In the scene with Ozma refusing to fight, we see him portraying what he sincerely considers a high ideal of pacifism, but as something ultimately romantic and impossible, perhaps even dangerous and naive. It’s part of the romantic tone to the last chapters of the book. In anticipation of the invasion at daybreak, we get this Garden of Gethsemane moment where four odd men, who have been made by the Ozian people and can’t technically die, gather together and lament for the passing of Oz. They actually weep in Neill’s illustration, which is just extraordinary, really. It goes beyond symbolism; it’s a weird collision of cultural mores of the time and the fact that Baum and Neill had more or less a free hand in whatever they did with this book, really, and weren’t even censoring themselves in what they presented. It’s kind of hard to judge it by any normal aesthetic measure, because it’s not even a political statement; it’s just a moment of two men having a kind of romanticist flamboyant episode, really. Almost hysterical, in a funny sort of way. Does that make sense?
Yes, it does. I think L. Frank Baum was a complex beast and had a lot of facets. I’m a little worried what happens when we get beyond Baum, in fact, because I don’t think anybody treated his world with the same sincerity – well, Jack Snow, maybe. In the closing chapters of this book, though, I thought Baum was really talking about his view of death. Too much?
Well, I found myself wondering if Baum’s romantic nature and his more pragmatic side ever had a little fight about the concept of death. It’s a strangely romanticized pragmatism right there at the end, isn’t it? Here we are, at this one brief shining moment, and soon, it will be gone . . . but there’s nothing we can do, so we might as well get up in the morning and face it full-on. It’s a very mixed message. I agree with you, there’s symbolism in those four characters standing around and talking and basically waiting to die – waiting to be invaded. They’re just going to watch the very spot where it will happen, until it bursts open and everything goes to hell! I mean, it’s lunatic.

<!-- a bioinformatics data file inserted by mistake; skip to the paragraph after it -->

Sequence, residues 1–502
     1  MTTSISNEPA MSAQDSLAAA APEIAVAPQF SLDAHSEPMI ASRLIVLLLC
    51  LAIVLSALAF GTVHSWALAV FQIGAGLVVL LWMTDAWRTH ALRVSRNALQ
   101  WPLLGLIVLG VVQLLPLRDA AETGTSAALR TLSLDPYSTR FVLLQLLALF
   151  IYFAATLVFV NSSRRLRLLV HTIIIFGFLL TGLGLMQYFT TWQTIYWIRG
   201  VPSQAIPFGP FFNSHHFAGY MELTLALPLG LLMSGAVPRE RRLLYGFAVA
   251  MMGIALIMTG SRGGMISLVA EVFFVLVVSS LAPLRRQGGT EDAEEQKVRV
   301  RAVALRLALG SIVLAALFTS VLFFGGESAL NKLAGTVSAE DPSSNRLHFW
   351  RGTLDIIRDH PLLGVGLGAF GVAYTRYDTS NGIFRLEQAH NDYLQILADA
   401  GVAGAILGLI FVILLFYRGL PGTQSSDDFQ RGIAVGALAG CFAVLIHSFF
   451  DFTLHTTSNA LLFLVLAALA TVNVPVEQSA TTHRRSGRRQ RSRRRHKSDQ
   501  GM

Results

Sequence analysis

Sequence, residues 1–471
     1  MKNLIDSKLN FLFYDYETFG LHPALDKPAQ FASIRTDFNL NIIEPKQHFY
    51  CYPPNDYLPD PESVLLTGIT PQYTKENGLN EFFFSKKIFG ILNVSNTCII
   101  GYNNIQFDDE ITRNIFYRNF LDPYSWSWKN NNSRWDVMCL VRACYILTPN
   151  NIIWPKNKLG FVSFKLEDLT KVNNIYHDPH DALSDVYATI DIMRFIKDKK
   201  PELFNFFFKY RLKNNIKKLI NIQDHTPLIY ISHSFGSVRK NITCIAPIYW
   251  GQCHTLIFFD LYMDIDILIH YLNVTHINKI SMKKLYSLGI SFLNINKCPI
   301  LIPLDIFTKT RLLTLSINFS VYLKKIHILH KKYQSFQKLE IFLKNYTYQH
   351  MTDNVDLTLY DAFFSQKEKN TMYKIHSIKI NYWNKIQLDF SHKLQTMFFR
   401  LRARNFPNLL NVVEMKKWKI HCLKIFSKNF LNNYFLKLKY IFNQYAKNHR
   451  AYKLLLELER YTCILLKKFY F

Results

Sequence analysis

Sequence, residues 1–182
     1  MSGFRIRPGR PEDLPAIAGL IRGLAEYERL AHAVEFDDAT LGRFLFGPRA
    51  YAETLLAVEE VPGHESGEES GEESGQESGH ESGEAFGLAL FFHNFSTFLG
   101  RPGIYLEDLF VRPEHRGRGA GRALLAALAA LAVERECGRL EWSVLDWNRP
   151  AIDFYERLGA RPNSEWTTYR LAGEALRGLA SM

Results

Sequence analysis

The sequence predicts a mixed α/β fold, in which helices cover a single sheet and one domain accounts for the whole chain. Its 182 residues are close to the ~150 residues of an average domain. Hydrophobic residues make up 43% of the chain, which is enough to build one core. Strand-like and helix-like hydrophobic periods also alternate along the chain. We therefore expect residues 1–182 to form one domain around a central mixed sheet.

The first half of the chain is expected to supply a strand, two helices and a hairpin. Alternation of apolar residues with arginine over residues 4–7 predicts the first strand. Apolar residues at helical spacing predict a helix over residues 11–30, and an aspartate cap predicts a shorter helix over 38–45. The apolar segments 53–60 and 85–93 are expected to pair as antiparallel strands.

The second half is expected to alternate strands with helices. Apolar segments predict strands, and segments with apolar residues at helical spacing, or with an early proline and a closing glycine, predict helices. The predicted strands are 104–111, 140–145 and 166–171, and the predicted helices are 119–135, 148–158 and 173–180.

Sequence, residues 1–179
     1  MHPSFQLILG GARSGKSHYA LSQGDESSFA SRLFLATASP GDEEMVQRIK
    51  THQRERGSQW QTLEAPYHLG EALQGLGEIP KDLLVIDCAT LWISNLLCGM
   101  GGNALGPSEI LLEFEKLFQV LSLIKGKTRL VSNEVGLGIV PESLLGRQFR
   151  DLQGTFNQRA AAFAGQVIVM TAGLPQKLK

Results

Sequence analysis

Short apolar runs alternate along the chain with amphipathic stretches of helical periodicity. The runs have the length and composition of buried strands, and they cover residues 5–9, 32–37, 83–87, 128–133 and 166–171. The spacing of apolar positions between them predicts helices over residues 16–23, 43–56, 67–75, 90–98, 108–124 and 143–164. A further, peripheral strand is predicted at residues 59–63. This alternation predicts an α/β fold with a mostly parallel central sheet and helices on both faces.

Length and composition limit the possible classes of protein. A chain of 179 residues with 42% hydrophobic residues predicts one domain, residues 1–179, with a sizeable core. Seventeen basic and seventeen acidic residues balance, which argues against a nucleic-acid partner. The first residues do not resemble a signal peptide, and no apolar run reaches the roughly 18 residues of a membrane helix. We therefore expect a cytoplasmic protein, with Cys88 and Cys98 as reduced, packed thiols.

Yeah, they’re resigned to their fate.
It’s a very optimistic resignation, though! Yes, well, it has been really nice, let’s have one more nice meal together, and get a nice sleep, and get up early in the morning so we can die.
I think it comes down to the fact that the Land of Oz is utopian – and we could get into all the intricacies of “okay, it’s a socialist utopia, but Ozma has so many servants she has nothing for Aunt Em to do, so…” – but Baum does present this as a perfect place, where you live forever so long as you’re good . . . .
Unless you die of the pip!
Oh, Baum allows himself to break with continuity for a death gag, obviously – I think he always will – but he presents that utopian situation as boring, frankly. He’s doing it on purpose, too – over the last few books, he’s slowly made Oz so perfect he can’t tell any more stories about it. What would happen if he did? People would wake up, have a nice day, go to bed, wake up, drive out of town, see some people made out of jigsaw puzzles, come back and go to bed again. If the Ozian people showed any violence here, or any capacity to destroy another person, that would mar their perfection, to the extent that he would have to write another book! They have to be perfect so that story is done. Baum ends by reassuring us that everyone in Oz has achieved that moral perfection, so we can let them be.